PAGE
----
About the author

Ronnie Hinds is Acting Chair of the Accounts Commission and a former chief executive of Fife Council. He also chairs the Local Government Boundary Commission for Scotland.

Looking ahead: our work programme

Audit Scotland, on behalf of the Accounts Commission and Auditor General for Scotland, implemented its new approach to programme development about 18 months ago. An important part of that was introducing a more strategic five year rolling work programme, which gets refreshed every year. We did our first formal refresh of its content last December and have published the results today.

Our approach involved taking stock of the unprecedented changes that have been taking place in Scotland, the UK and beyond over the last year, such as Scotland’s New Financial Powers and the outcome of the EU referendum, and what they might mean for our work. We also gave careful consideration to whether the timing was still right for some of the work to which we’re still committed as part of our rolling programme, for example, our planned series of reports on health and social care integration.

A key objective of our new approach to programme development was to ensure that our work is focusing on important issues, where the insights that audit can bring will add value and help make a positive difference to public spending and policy in Scotland.

That being the case we’ve consulted lots of people, both formally and informally, on the key priorities and what our work should focus on. I’d like to take this opportunity to thank anyone who fed in to this process, as the contributions that we received were all valuable and helped us to shape our work plans going forward.

The feedback we’ve had so far has been positive, but we’re not complacent. Over the coming year we will be working hard to broaden our engagement with different groups of people who use and deliver public services in Scotland.

We’ll also be trying out different ways of communicating the messages from our work so that we play our part in improving the key public services that make such a difference to so many people’s lives across Scotland. You can find out more about the different ways we report our work here.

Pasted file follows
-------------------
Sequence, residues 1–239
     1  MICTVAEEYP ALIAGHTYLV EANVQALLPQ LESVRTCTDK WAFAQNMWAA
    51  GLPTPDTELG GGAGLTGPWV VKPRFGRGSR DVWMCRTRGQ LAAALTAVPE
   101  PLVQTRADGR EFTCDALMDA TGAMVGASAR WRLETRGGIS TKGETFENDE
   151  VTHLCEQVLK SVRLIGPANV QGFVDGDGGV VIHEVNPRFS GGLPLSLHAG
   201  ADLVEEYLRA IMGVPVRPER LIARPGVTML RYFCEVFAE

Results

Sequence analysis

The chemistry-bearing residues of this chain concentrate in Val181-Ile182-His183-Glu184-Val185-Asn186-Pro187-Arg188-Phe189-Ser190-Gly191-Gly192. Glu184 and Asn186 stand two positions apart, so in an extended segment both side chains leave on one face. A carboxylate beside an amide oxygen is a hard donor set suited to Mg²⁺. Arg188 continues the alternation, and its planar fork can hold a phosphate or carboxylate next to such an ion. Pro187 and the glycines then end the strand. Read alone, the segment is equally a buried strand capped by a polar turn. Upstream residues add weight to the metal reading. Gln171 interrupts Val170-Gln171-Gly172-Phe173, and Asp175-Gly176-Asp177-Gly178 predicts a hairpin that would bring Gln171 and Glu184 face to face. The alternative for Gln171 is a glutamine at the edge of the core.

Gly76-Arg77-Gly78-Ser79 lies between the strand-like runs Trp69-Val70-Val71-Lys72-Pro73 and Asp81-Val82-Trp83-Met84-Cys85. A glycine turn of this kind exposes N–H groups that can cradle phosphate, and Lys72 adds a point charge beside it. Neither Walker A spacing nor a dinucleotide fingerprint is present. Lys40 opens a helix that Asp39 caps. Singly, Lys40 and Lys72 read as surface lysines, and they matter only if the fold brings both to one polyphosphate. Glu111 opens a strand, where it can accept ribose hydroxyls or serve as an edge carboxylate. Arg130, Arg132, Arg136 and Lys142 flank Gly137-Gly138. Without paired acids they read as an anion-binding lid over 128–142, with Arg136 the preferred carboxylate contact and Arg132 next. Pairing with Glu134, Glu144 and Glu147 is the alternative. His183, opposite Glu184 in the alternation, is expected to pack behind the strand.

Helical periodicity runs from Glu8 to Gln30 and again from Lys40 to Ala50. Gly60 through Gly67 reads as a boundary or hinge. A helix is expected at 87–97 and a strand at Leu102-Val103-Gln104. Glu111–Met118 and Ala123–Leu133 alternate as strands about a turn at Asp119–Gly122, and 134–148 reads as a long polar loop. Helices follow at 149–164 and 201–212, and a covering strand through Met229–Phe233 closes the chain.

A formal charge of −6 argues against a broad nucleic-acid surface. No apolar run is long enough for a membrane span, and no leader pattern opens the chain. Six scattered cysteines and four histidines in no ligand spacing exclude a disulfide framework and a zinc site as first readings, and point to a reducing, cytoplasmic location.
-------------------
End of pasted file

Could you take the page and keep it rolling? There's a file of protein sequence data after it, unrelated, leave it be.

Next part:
In the mean time if you have any comments on the work programme, or our approach to programme development, find out how to get in touch by visiting our website.

About the author


MM6A7183Antony Clark is an Assistant Director at Audit Scotland.

Auditing historic change in Scotland’s public finances

On 1st April, the Scottish Parliament gained control of income tax rates and bands, higher borrowing limits, and the management of the Crown Estate in Scotland – and there are more new powers to come.

The Scotland Act 2016 is fundamentally changing management of the public finances and, once fully implemented, half of what is spent in Scotland will be raised here and the budget will be subject to greater uncertainty and volatility than ever before. With more control over public finances and new opportunities and risks, it’s clear that we’re entering new territory.

The scale of change needed to implement and manage the new financial powers is significant and it’s important that the Parliament and the public can see what progress is being made. As the public spending watchdog, Audit Scotland has carried out extensive work in this area.

On Thursday, I’ll join the Auditor General, Caroline Gardner, and colleagues to present the findings of our latest report on managing new financial powers to Holyrood’s Public Audit and Post-legislative Scrutiny Committee. We looked at how the Scottish Government, Revenue Scotland and the Scottish Fiscal Commission are introducing and managing the range of powers devolved through the 2012 and 2016 Scotland Acts.

We found that the Scottish Government is well-organised to deliver new tax and spending powers. It has updated its structures for overseeing the new powers and has good programme management processes in place. Revenue Scotland is also making good progress in preparing for further devolved taxes, and the transition of the Scottish Fiscal Commission to a statutory body is being managed effectively.

The new powers will substantially change the type and volume of work the Scottish Government will do. We found that the Scottish Government is identifying the staff and skills it needs, but recruiting enough people with the required skills may prove difficult. We recommend that the Scottish Government build a clearer picture of potential future costs, to help plan how it will fund implementation of the new powers within its budget.

In this changing environment, a more strategic approach to public financial management and reporting is needed. This includes a medium-term financial strategy based on clear policies and principles. The Scottish Government is taking steps to provide a more comprehensive picture of the public finances, as it’s important that the Parliament and public have the information they need to understand and scrutinise the government’s financial decisions.